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VOLUME XXXIV WATER VALLEY, YALOBUSHA COUNTY, MISSISSIPPI. FRIDAY MAY 19, 1922 NUMBER 18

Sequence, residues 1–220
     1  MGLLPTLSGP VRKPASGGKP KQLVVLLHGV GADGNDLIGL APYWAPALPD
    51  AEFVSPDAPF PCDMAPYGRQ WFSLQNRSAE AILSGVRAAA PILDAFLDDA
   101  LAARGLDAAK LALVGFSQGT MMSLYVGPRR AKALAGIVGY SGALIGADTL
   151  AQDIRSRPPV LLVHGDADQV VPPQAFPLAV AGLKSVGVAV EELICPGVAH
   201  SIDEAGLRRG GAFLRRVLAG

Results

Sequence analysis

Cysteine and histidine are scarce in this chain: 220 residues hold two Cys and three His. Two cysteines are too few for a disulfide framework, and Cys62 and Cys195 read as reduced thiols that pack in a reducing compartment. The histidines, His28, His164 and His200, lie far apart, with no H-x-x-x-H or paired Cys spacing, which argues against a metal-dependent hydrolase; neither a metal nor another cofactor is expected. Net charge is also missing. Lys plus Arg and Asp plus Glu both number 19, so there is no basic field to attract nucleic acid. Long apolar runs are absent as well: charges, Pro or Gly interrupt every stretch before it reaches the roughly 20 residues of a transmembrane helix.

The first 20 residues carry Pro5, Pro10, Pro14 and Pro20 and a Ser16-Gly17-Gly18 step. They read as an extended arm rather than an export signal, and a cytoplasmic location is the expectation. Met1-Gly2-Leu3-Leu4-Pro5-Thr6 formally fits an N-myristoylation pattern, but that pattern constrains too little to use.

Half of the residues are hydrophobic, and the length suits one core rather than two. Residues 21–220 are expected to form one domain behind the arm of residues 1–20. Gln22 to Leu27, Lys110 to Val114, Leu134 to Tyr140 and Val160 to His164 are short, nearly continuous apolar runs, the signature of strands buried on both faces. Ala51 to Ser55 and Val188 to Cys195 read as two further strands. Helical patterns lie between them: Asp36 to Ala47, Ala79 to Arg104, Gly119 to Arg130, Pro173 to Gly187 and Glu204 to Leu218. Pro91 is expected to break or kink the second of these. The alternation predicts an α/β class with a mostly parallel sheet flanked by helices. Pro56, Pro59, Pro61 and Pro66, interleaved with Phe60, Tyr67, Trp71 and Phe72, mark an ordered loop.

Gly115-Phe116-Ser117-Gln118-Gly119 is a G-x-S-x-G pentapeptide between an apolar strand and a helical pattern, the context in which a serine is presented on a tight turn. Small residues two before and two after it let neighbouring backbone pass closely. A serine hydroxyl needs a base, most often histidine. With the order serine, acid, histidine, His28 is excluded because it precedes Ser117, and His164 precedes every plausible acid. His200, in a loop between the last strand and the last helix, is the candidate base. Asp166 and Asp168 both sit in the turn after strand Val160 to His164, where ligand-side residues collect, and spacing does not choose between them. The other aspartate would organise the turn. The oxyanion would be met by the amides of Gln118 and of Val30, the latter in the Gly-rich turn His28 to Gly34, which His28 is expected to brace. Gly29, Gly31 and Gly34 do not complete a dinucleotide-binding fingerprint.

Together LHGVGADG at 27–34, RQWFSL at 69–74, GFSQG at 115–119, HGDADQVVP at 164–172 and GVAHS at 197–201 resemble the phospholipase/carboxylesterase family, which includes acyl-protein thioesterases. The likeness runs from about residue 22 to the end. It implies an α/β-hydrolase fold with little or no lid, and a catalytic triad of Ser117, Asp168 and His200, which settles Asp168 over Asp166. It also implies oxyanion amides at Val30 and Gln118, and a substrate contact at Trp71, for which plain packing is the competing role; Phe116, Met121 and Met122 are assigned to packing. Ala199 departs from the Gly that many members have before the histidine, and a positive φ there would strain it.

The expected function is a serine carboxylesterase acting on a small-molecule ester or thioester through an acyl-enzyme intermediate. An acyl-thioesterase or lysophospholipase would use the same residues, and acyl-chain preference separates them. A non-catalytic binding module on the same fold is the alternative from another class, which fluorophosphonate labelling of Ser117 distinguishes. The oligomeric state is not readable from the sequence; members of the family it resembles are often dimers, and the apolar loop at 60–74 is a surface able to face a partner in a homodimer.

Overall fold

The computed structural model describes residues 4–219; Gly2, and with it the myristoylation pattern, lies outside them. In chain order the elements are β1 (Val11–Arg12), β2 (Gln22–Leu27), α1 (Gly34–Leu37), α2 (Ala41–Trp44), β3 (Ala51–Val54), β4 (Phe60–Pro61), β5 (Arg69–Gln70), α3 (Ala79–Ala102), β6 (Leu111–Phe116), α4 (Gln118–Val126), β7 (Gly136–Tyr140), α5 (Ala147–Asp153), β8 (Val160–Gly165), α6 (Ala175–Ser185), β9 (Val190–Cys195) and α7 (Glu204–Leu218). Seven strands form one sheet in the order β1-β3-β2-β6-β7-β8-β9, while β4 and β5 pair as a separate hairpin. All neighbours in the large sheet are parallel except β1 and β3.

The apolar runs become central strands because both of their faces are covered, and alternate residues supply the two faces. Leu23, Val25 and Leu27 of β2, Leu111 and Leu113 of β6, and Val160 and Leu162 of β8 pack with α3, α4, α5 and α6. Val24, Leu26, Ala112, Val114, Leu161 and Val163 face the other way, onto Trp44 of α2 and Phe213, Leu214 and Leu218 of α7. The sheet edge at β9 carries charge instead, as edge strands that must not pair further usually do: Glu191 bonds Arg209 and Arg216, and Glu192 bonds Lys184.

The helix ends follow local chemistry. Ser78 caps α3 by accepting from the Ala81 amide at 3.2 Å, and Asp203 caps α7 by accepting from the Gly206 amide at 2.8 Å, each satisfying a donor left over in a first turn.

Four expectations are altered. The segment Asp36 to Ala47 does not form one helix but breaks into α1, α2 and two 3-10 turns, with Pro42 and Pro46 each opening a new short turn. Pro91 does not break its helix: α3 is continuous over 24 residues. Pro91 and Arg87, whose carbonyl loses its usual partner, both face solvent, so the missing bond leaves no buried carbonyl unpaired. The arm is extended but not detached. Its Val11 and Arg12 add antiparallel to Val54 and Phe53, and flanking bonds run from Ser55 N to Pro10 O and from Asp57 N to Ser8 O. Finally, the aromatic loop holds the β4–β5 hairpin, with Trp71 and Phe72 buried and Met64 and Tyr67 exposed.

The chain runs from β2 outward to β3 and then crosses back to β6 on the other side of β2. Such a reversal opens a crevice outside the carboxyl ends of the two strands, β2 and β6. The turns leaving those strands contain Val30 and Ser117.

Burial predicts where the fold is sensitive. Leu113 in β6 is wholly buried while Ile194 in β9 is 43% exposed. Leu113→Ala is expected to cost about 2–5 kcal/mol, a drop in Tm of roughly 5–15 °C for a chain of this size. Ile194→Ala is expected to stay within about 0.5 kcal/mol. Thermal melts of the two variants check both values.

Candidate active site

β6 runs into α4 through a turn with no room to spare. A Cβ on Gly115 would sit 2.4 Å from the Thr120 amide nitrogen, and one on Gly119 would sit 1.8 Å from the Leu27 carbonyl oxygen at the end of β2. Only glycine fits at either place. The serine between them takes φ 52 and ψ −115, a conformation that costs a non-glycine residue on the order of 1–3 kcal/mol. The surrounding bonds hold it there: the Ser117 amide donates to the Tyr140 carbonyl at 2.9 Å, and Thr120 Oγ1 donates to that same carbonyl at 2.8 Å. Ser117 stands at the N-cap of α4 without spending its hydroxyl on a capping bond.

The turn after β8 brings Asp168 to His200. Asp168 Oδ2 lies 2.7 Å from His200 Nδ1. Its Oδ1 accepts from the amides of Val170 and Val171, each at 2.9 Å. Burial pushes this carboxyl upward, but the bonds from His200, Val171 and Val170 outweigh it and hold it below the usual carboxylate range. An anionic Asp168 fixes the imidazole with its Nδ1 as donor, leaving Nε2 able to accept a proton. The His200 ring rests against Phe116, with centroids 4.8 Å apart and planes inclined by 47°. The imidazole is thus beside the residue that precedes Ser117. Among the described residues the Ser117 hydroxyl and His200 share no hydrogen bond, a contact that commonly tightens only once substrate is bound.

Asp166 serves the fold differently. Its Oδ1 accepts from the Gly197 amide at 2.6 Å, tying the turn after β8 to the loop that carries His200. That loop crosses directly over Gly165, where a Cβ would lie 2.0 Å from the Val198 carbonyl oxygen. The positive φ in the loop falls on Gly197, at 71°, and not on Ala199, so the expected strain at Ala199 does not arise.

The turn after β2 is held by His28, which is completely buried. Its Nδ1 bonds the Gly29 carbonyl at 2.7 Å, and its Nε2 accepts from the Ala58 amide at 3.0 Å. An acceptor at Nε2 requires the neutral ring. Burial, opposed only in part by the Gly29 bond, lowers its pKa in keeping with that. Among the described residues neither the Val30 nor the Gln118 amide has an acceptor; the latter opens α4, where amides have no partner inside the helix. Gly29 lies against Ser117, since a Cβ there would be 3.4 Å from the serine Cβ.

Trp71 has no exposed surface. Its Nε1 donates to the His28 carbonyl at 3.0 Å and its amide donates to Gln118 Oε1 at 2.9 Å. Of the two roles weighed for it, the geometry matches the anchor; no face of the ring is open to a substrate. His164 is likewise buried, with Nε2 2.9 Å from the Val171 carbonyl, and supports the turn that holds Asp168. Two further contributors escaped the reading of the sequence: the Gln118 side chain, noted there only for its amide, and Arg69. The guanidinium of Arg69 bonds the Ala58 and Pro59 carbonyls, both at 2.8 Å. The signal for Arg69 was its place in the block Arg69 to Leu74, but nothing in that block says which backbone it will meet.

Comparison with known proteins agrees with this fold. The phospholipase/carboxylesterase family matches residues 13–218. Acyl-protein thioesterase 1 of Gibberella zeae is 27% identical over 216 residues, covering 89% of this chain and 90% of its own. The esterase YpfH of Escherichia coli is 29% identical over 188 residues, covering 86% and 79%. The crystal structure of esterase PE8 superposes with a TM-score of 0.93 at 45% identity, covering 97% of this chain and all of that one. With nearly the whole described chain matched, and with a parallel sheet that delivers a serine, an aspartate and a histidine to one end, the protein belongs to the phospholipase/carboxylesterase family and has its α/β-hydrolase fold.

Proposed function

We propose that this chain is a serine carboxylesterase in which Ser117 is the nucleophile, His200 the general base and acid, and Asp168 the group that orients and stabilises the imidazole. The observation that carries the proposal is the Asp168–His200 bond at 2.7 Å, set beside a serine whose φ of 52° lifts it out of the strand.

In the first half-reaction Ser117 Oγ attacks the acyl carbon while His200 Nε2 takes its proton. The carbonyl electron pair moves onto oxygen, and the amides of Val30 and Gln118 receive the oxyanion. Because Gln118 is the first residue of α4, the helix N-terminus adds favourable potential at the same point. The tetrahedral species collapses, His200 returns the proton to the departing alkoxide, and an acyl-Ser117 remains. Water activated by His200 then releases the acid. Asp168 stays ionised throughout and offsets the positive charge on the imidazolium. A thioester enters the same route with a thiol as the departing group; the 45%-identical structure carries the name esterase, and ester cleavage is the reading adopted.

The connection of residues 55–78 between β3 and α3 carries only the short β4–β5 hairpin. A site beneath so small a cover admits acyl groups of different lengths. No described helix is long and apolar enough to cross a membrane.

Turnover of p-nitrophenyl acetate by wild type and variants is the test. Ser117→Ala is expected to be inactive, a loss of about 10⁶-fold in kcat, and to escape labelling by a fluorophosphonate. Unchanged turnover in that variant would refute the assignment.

MILTON DRURY PLEADS GUILTY TO 1 MURDER OF HIS MOTHER WHEN ASKED BY COURT, HE CALMLY REPLIED THAT HE HAD NO STATEMENT TO MAKE. _ _ Hazlehurst, Miss., Friday.— Milton Drury, 24-year-old, placed on trial here today on a charge of having killed his mother, Mrs. Ada Drury Con verse, whose charred body was found on a lonely road near here last February pleaded guilty and was sentenced to life imprisonment. The plea of guilty was made after an agreement was reach ed between Drury’s counsel and the district attorney and came just as the jury was com pleted. it fell like a thunder bolt on the crowded court room as Drury heretofore has de clared his innocence. Less than a week ago he entered a plea of not guilty when arraign ed. His step-father, Thomas P. Con verse, husband of the slain woman and a half hundred witnesses from Georgia, Converse’s home, Texas, the former home of Mrs. Converse, and other points were here to testify. The entire day was devoted to se lection of the jury which task had been completed when the unexpected move on the part of the accused man wag made. At 5:30 o’clock Judge D. M. Miller called the case to begin the taking of testimony. E. G. Wilhan s, coun sel for Drury, and Hugh Miller, dis trict attorney, filed into the court room with the accused man and agreed to allow Drury to plead guil ty and take a life sentence in the penitentiary. Judge Miller then passed the plea on to the jury and in ten minutes the jury returned with a verdict finding Drury guilty as charged and placing his punishment at life imprisonment at hard labor. Judge Miller then passed sentence. He first asked the defendant if he had any statement to make to which Drury calmly answered: “I have no statement to make now.” Druiy was arrested in Alabama shortly after the discovery of the crime and brought here and placed in jail. The body of Mrs. Converse was found in a ravine close to a road leading into Hazlehurst. She had been shot and her body saturated with oil and partly burned and cov ered up with brush. It was believed by officers that she had been dead a month when found. Walter Drury, another son of the slain woman, identified the body as that of his mother. An attempt was made by press representatives to see Drury and se cure a statement from him after the sentence had been passed. He was on the verge of making a confession when his lawyer interposed an ob . jection and Drury refused to talk. Throughout the reading of the charge Drury maintained an iron nerve controlling himself from any outward sign of nervousness, or in. dication that he was more than indi rectly concerned w'th what was tak ing place. When his sentence was pronounced, he relaxed in his seat and evidently was relieved. The finding of the dead body of a white woman, charred and mangled in a ravine near Dentville in the western part of this county on Feb ruary 14 was the outstanding sensa tion of the month throughout the state. The subsequent pursuits of various clues throughout a half doz en southern states and the final cap ture of young Drury in Columbus kept the police of many cities busy. The events preceding the commis sion of the crime had largely been unraveled by Sheriff Ramsey, who left no clues undeveloped. Taking only fragments of the charred body a shoe heel, a ring of keys, and a name found on the trademark of an overcoat, the sheriff established positive identity of the woman be yond all doubt and built up a string of evidence which it is believed would have convicted her own son of the horrible crime. Ada Drury Converse is supposed to have been returning from visiting her mother in Alabama and was re turning home when she met up with her son in Winona the early part of February. It is claimed that Mil ton persuaded his mother to return to Texas, her home, with him in an auto. They were traced to Jackson and identified there by several citi zens. They were later traced to Ha zlehurst and afterwards were sup posed to have been pulled out of a mud hole by a citizen of this coun ty. On the night when the murder is supposed to have been committed, ne Goes living close by are claimed to ve heard several pistol shots in the direction of the murder , and claim to have seen a fire built on the •pet where the charred frgamenta were later found. Later, Milton is supposed to have been in a res taurant in Hazlehurst with the dia mond ring on his finger which is suppposed to have been taken from the dead woman. He was traced to Jackson where he is alleged to have had his car repaired. He was next arrested in Columbus by Alabama au thorities on a charge of having stol en the auto. Young Drury was read ily released by the Alabama author ities on a requisition from the gover nor of Mississippi to face the more I serious charges in this county. This is one of the most unique cases ever tried in this state. The theory of the state was to have been that in the heat of passion; or for the purpose of robbery, or perhaps actuated by both motives, the young man killed his own mother, attempt ed to elude identity by cutting up and burning her body, and made away with the valuables on her perso i. VVh< n apprehended in Alabama he | had the diamond rings and the money supposed to have been in the pos session of his mother at the time of the killing. TEN MEN OR LESS MAY SOON CONTROL FINANCE OF WORLD British Economist Declares 'Hundred Individuals Now Manage all Wealth. London, England—Fewer than ten have been named.. No government can men will control the world’s finances within a few years, according to Major C. H. Douglas, a British eco nomist who is conducting a campaign here for the socialization of credit. Under present conditions, he says, less than 100 men manipulate the wealth of the world. Asked to name the world’s money magnates, Major Douglas said: “First, there is the house of Mor gan with its associated institutions. They dominate wealth not only on the American continent but in most parts of the world. “In France there is Louis Louch eur, who has very important hold ings in the big banks and steel cor porations. “Sir Basil Zaharotf, the Greek, practically controls the armanment groups and is also a tremendous power in the banking world. “There are probably fewer than 100 men acting as principals and lieuten tral Europe. “ In Great Britain, Lord Inchcape exerts a strong influence today on the banking and shipping world. “There are probably fewer han 100 men acting as principals and lienten ants for the men and institutions I augurate any financial policy with any hope of success without first secur ing the approval of at least some of them. “It is not so much a question of the wealth these men individually or collectively own, but of the strategic position they hold or manage to hold. “They control credit in their re spective areas and can either supply or withhold it in such a way as to re tard or faciliate the production and distribution of commodities. “This power is gradually being con centrated into a smaller number of hands, with the result that all the energies of industrialized nations can be diverted almost at will to any end which may seem desirable to those holding this supreme power. “Very often government* are mere ly administrators of policy. The pow er of originating it lies with the fi nancial interests. “No goverment can remain in of fice for any considerable time if fac ed by a serious unemployment prob lem, and the financial powers can at any moment create an unemployment problem by withholding credit “The present world wide slump is undoubtedly due in part to credit re strictions decided upon by financiers who want to bring laber to heel.” Professor Soddy, the eminent Ox ford University scientist, supports the views of Major Douglas. LAMB-FISH COMPANY IN HANDS OF RECEIVER Clarksdale, Miss., May 15.—The Lamb-Fish Lumber Company, one of tbe largest in the south, was placed in the hands of a receiver today i>y order of Judge Edswin R. Holmes, of the United States district court, the company, according to the bills filed, is solvent, but inability to realize on available assets, caused the ap plication for the receivership. The Lamb-Fish Lumber Company, a New Jersey corporation, is capital ized at $5,000,000 and owns mills at Charleston, Miss., and other points, together with large areas of both yellow pine and hardwood timber lands in several parts of Mississippi. Solis’ Marimba Band at Redpath Chautauqua An unusual musical feature announced for the coming It- dr>«th Chautauqua Ip Solis’ Marimba Bard of six Central America musicians f«.Hiring ch* marimba, a huge In Tum.-nt of Aztec origin, with bass viol accompan'roSt The marimba is cupaide of a great variety of orch< iai ..-ffects The flute, violin cornet nin„ < ■ *' ZZSST** ‘K a“ Ihc «-* ‘*uic «*> poflr o^'estiTaV.na WATER VALLEY HIGH CLOSING EXERCISES Twenty-four to Graduate This Year—Commencement Ex ercises Begin Friday Night, May 19, and Close Wednes day Night, May 24th. Friday, May 19th., 8 p. m , Recital by pupils of Miss Totten. Saturday, May 20th., 8 p. m., Re cital by pupils of Mrs. Watkins, Sunday, May 21st., 11 a. m., Com mencement Sermon by Rev. L. P. Wasson, at the Methodist Church. Monday, May 22nd, 8 p. m., Class Night. Tuesday, May 23rd., 8 p. m., Reci tation and Declamation contests by pupils of Grammar and high school. Wednesday. May 24th.. 8 P.L m ., Graduating Night. Address to the class by Dr. J. L. Johnson, President of Mississippi Woman College, Hut tieslurg, Mis«. The graduates this year are: Fred Kendrick Marjorie Jackson Edward Hartwell Pauline Parks Royce Porter Leo Sizemore Ernest Shelton Lora Walker Aubrey Trusty Kathryn Mauldin Cecil Addington Velmi West Tansey Coker Buna Johnson Louise Cahill Frances Spooner Kendrick Reynolds Ona Williams Hudson Turner Mabel Lamhvth Frances Moore Frances Williamson Mary Willie Carr Fannie May Wood SAURE KRAUT MAKERS GET BIG SELLING ARGUMENT Chicago, 111.—It is said sauerkraut is coining back with a delectable punch. The tip was passed around at the annual meeting of the National Kraut Packers' Assocation, held here today, and if what they say bears up under test, Mr. Volstead will have to work up a new law. “You can make for yourself a con coction with a sting in it,” the tip went “If you have a Darrel or keg of saure kraut in the house, just take the juice in a shaker with some ice and you have a cocktail with a de lightful kick. It looks like a Bronx and tastes like a spiked lemonade.” But this is not all. The packer maintain that daily consumption of sauer kraut will make women beau tiful. They say it is vastly more beneficial than yeast for clearing tht complexion. It will make skinny peo ple plump and will reduce grossly fat people to trim proportions. Spinach has been alluded to as “a broom for the stomach,” but the fab ricators of sauer kraut claim their produce is a vacum cleanser for the the lobster-a-la-Newburg of the poor, entire human system. [tacie -Johns Jbsfo] TROUBLES NEVER COMB SINGLY, Oft ANYWAY NOT SO MUCH AS MARRIEDLY SOUTHERN BAPTISTS AS MONEY RAISERS Have Collected $35,000,000 and Pledge Themselves to Make it $75,000,000. Jacksonville, Fla., May 17.—The Southern Baptist Convention has raised more than $35,000,000 of it’s $/ 5,000,000 fund for enlarging it’s work, and it’s members pledged themselves here late today to push forward to completion of the fund in 1924. More than $12,000,002 in cash was collected in the twelve months since the last convention, which it was pointed out, had been accomplished despite the general business depres [ ftmlsterial relief and annuity fund has passed the million dollar mark and it’s goal was set at ten million through adoption of the com mittee report. The convention received an invita tion to meet next year at Hot Springs, Arkansas. Tonight the annual convention sermon was delivered by the Rev. Dr. S. J. Porter of Oklahoma City, who pleaded for a return to normalcy in religion. The first session of the Woman’s Missionary Union, an auxiliary of the convention, also was held tonight with reports of its officers showing increased growth. Much other businesss was trans acted during the first day of the 66th annual session, which was marked by the refusals of the mem bers to consider a proposal for tri ennial meetings with an enlarged executive committee meeting an nually. It referred to committee proposals to extend the closing of the $76,000,000 fund until Novem ber 1, 1924, from May 1, 1924, and to act in co-operation with the North ern Baptist Convention in drawing up a statement of Baptist principle and in synchronizing certain church campaigns. The $75,000,000 five year cam paign is for the furthering of the work now done in foreign missions, Christain Education, hospitals, or phanges and ministerial relief, and the report of the convention com mittee in charge of it was adopted and the commission ordered contin ued another year. DRILLING FOR OIL Minyard Well Company Working Under Home Supervision. There may or may not be oil under the surface of Union County land, but—. There can be no wrong in trying to find it, whether it is here or not Let us not be excited ,for— We must remember that there are far more dry holes than oil well* sunk in the search for oil But why shouldn’t we find oil in Union County? We have some external evidences that oil may be beneath 1 A great deal of land in Union C' nnty has been leased for oil ex ploration, and our first active effort is now being exercised in that direc tion. The Minyard Well Company, back ed by a number of our well-to-do and conservative citizens are undertak ing Union County. Well No. 1, the location of which is about one mile south-west of Wallerville and six miles out from New Albany, on the farm of Hon. C. S. Cullens, our ex chancery clerk, and— „ They’re going down until they find it—or know the reason why! If it’s a dry hole, the Gazette will be mighty sorry, but if it’s a gusher, won’t we all be glad and happy! Boom! But let's everybody keep our heads —and our hearts! —New Albany Gazette. I CONNER ANNOUNCES FOR GOVERNSH1P House Speaker Comes Out Def initely for Chief Executive Office, Hattiesburg, Miss., May 17.—Mis sissippi politics will take on add ed interest with the author ized announcement of the candidacy of Hon. Sennett Conner, of Seminary, Covington County, for governor of the state of Mississippi, which he now authorizes to be made. It has been known that many people have urged him to make the race, and though not fully promising to do so, he did promise to take the matter •inner consideration. People who knew him to be a talented, honor able Christian gentleman and who have been demanding a man will, a good record, both in private and public life, have been so solicitous about him entering the contest that he has now reached a conclpsion «uu iccis mai ne snouia mase known his intentions. Mr. Conner states that he will not be a faction al candidate, that he will not wear the collar of any man or set of men, but will do his best to serve the whole people faithfully. Speaker Sennett Conner, the youngest man ever elected Speaker of the Mississippi House of Repre sentatives, the first man to be ele vated to that position on the first day of his legislative career, hung up another record by presiding over the House through five strenuous legislative sessions without a single appeal fron. the hundreds of rulings he was called upon to make daily. Those sessions were torn by bitter factionalism, but Conner was elect ed as an independent, not declaring allegiance to either faction, and his tecord was made possible because ho held the balances fairly and evenly between all factions. Mr. Conner is thoroughly ac quainted with affairs of state and conditions in Mississippi, having served as chairman of various legis ative committees appointed to study taxation and economic prcb terns, and having served for the past three years as a member of the State Bond Improvement Commis sion, in which capacity he has visit ed all state institutions many times. In the Legislature, he has intro duced bills requiring counties and municipalities to be operated on a cash basis, providing that all bond issues should be submitted to a vote of the people, providing how the people may, by petition, fix the amount of tax levies, establishing a Bureau of Markets for Agricu’tural products, abolishing technicalities and delays in court procedure, pro viding for the recall of public of ficers, and many other constructive measures, several of which were enacted into law, and every one of which overwhelmingly passed the House of Representative. WILLIAM WAGNER WEARS GOLD “EAGLE” BADGE William Wagner, son of Mr. and Mrs. W. B. Wagner of this city, is a student at the famous Georgia Military Academy of near Atlanta, Georgia. This is one of the best schools for boys in the south, and ranks with the best in the United States. Last month William distinguished himself by securing a position on the honor roll of the school for attaining high percentage marks in his studies —an honor highly cherished by .the boys and only attained by a few from the entire student body of over 300. The few winning this honor are called “Eagle” class, and each mem ber wears a gold eagle emblem while holding said honor. William is justly proud of his “Eagle”, and his many friends here share equal pride in the honor achiev ed. by the Water Valley boy in his school work. MEMPHIS BROKER HED FOR MURDER Mile* Buckinghm, Wealthy In surance Agent Held in Can ton—Claims Shooting of His Wife Was Accidental. I Canton, Miss., May 17.—Miles G. Buckingham, wealthy Memphis busi ness man, today pleaded not guilty m circuit court here to a charge of murder in connection with the death of his wife, Mrs. Lorraine Harris t uclungham, who was shot and mor tally wounded while on an automo me tour through Mississippi with her husband last week, sought and obtained postponement of trial until next January and tonight is in the custody of the sheriff pending the outcome of habeas corpus proceed ings. H. C. Smith, ccunty sheriff, announced that he would hold Buck ingham in the county jail until the hearing next Thursday in the wri; of habeas corpus, asked for by coun sel for the accused man in an effort to obtain his release on bail which, according to Mississippi procedure., is discretionary with the trial judge. Continuance until the January term of court was granted by Judge Wiley H Potter, before whom Buck ingham was arraigned, over the pro test of attorney for the state who sought a tr al at the present court term. Counsel for Buckingham pleaded for postponement to afford time to prepare their defense and as sure the presence of witnesses now in other states. Immediately after the trial, date was set for application for a writ of habeas corpus was granted and made returnable before Judge Potter May 26, Buckingham came to Canton early today with members of his counsel and several relatives, including Ben Harris, of Memphis, a brother of the woman he is charged with having slain and whose fatal wounding Buckingham contends was due to an accident—the unavoidable discharge of a pistol as he was stepping from an automobile in which he and his wife were returning to Memphis, from Biloxi. Miss., a fashionable sumnTeir resort, on the Mississippi gulf coast. MISSISSIPPI OIL WELL NEWS THE OXFORD WELL— It is reported on reliable authority that drilling is suspended awaiting the arrival of proper tools and casing. Last report was to the effect that the hole was down 502 feet, and when drilling was shut down the plant was in fine walking condition. As suer as necessary casing ind tools arrive, drilling is to be resumed with vigor. THE TEASDALE WELL— Nothing new to report this week. The progress of the well has been hin dered on account of lack of necessary equipment to be used in the test of the well. The hole is down 556 feet and drilling was suspended a couple of weeks ago to await the arrival of casing. When drilling operation was suspended the manager, O. R. B. Pace, gave out the information that there was a showing of oil and further operation would cease until a test of the well could be made. It is re ported that all the necessary equip ment has now arrived at Pope, and that the test will be made either Sat urday or Monday. THE HOUSTON WELI_ The Houston oil well No. 2 is now down approximately 1200 feet and drilling operations are proceeding satisfactory. It will be remembered that at 1850 feet in their well No. 1, the driller had an accident in which he lost the drill with about 1100 feet of drill stem attached. Mr. Danner claimed to have struck a good show ing of oil when the accident occurred which prevented a test being made of the find. Well N. 2 is located within 20 feet of the Well No. 1 and when the new hole gets down to the 1850 foot level, the operators are expecting to find something worth while. P.-T. HOLDS AN INTERESTING MEETING The Parent-Teacher Association met on the 2nd. Wednesday of May at the North Main Street School. After the business was disposed of, the chief features of the meeting were the reading of a full report of the state meeting at Jackson., the awarding of the banners to the grades having the most mothers present at the meeting. In the North Main St school, Miss Addington’s grade won over Miss Erickson’s, and at Central School, Mias Tarver’s over Miss Biles. The meeting closed with an intereat ing talk by Prof. Dean on the “Im portance of Visual Education,” as the school is planning the purchase of a moving picture machine before the opening of the next term. —CORRESPONDENT.